3. Customer Insight team is a proactive, equal business partner

Getting clear on Customer Insight

So, that begs the question, what do I mean by Customer Insight?

Different organisations will have different answers. Some appear to equate the term with research, others with analytics. A few relate it to targeted database marketing & almost everyone can see the importance of quality data for any such work.

Benchmarking best practice within customer insight, especially for financial services firms, has taught me that a more holistic approach works best. The most capable teams, combine technical skills in data, analytics, research & database marketing. But, as the saying goes, it’s what you do with it that counts. Using those technical skills in concert, to achieve a deeper understanding of your customers that enables behavioural change, is where true customer insight lies.

My own definition of customer insight is:

A non-obvious understanding about your customers, which if acted upon, has the potential to change their behaviour for mutual benefit.

Key strengths needed (including soft one)

To achieve that depth of insight & impact requires two key strengths.

First, the use of the use of the four technical disciplines I mentioned above, in concert to produce synergy. I normally explain this through use of Laughlin Consultancy model for Holistic Customer Insight, a virtuous circle of how to operate in multi-disciplinary teams.

The second strength needed, is analysts who can speak to your business. There is no point discovering great insights into your customers, if these remain ‘on the shelf’ as ideas. For that reason, several leading customer insight teams have benefited by investing in softer skills training for their technical teams.

The model I use if a 9-step model, from incisive questioning (to determine real business need) all the way through to following up to ensure insights are acted upon in the business (to achieve customer & commercial targets).

Your data foundation

For most organisations, reaching that level of capability, begins with a focus on data.

When speaking with leaders from across many different sectors, a perennial headache is either getting the data they need or being able to achieve a Single Customer View. Such a focus on data, as the foundational layer or Customer Insight & Customer Centricity, make sense.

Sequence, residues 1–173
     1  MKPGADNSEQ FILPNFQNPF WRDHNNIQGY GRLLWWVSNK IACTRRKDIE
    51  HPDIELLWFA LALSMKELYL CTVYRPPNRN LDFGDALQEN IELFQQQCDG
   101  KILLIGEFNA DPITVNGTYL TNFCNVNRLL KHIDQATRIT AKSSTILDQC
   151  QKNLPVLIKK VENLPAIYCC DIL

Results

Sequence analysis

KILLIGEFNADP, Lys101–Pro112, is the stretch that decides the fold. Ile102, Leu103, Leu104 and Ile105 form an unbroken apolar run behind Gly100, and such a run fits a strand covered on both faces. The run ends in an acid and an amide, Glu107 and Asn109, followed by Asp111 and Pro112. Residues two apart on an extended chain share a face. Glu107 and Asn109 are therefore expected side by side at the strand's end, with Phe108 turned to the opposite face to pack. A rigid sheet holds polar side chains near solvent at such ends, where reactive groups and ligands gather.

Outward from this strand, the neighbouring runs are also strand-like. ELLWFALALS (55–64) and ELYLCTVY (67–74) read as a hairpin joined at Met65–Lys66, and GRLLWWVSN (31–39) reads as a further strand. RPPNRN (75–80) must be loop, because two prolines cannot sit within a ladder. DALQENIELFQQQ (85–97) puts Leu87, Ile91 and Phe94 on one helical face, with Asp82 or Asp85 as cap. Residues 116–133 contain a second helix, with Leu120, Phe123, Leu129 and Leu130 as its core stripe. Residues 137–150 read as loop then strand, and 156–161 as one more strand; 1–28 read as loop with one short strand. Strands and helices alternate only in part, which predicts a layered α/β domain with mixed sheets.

However, I would like to make a plea for a focus on two aspects that are too often neglected. Data Models & Metadata may sound too much like topics for technophiles or data geeks, but lack of both can have big business impacts.

Faced with the challenge of capturing & using more data, egged on by technology supplier, too many companies leap straight into a technology solution & technical build. However, with the pace of change & ever-growing list of data that may be needed (considering the growth of Internet of Things for example), businesses need a more sustainable & technology independent map. That is the role of the too often neglected conceptual & logical data models. These should be treated like blueprints for your business ecosystem.

Alongside that data gap, another common lack for analytics team is missing metadata. That is ‘data about data’. In all the excitement to gather more facts about customer segments, or potential triggers for marketing campaigns, the basic need for things like a data dictionary can be missed. Many insight or analytics teams rely on what senior analysts ‘hold in their heads’. But the expertise about what different data items mean, which can be trusted & how to interpret different values – all this is too valuable to allow it to walk out of the door.

What next?

That’s it for part 1. Part 2 coming soon…